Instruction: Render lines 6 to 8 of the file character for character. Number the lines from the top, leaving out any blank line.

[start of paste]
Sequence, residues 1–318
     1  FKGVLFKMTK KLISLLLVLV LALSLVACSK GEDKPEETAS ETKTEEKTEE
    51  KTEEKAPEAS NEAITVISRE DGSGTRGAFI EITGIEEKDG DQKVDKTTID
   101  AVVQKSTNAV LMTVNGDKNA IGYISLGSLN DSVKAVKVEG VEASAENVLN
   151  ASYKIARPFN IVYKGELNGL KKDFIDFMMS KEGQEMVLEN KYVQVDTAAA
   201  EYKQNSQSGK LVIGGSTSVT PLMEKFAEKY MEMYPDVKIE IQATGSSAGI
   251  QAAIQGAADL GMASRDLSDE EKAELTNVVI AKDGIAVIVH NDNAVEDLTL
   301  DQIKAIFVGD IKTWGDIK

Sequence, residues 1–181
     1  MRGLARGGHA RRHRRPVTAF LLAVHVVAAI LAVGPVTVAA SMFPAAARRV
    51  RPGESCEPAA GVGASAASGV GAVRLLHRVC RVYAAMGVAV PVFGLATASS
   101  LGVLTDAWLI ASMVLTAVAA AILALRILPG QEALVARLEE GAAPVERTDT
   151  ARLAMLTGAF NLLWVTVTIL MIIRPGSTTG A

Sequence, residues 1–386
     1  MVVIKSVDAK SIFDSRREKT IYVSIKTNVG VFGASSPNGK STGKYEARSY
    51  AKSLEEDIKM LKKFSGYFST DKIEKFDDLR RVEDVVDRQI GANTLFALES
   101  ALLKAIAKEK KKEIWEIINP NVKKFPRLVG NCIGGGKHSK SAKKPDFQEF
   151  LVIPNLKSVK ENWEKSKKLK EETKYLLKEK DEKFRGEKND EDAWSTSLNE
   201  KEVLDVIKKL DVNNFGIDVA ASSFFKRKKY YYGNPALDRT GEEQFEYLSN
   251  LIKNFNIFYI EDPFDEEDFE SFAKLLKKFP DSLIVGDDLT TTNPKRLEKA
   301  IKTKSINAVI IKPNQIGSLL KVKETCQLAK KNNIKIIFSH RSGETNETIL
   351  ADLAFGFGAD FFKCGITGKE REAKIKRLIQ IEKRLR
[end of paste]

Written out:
   201  EYKQNSQSGK LVIGGSTSVT PLMEKFAEKY MEMYPDVKIE IQATGSSAGI
   251  QAAIQGAADL GMASRDLSDE EKAELTNVVI AKDGIAVIVH NDNAVEDLTL
   301  DQIKAIFVGD IKTWGDIK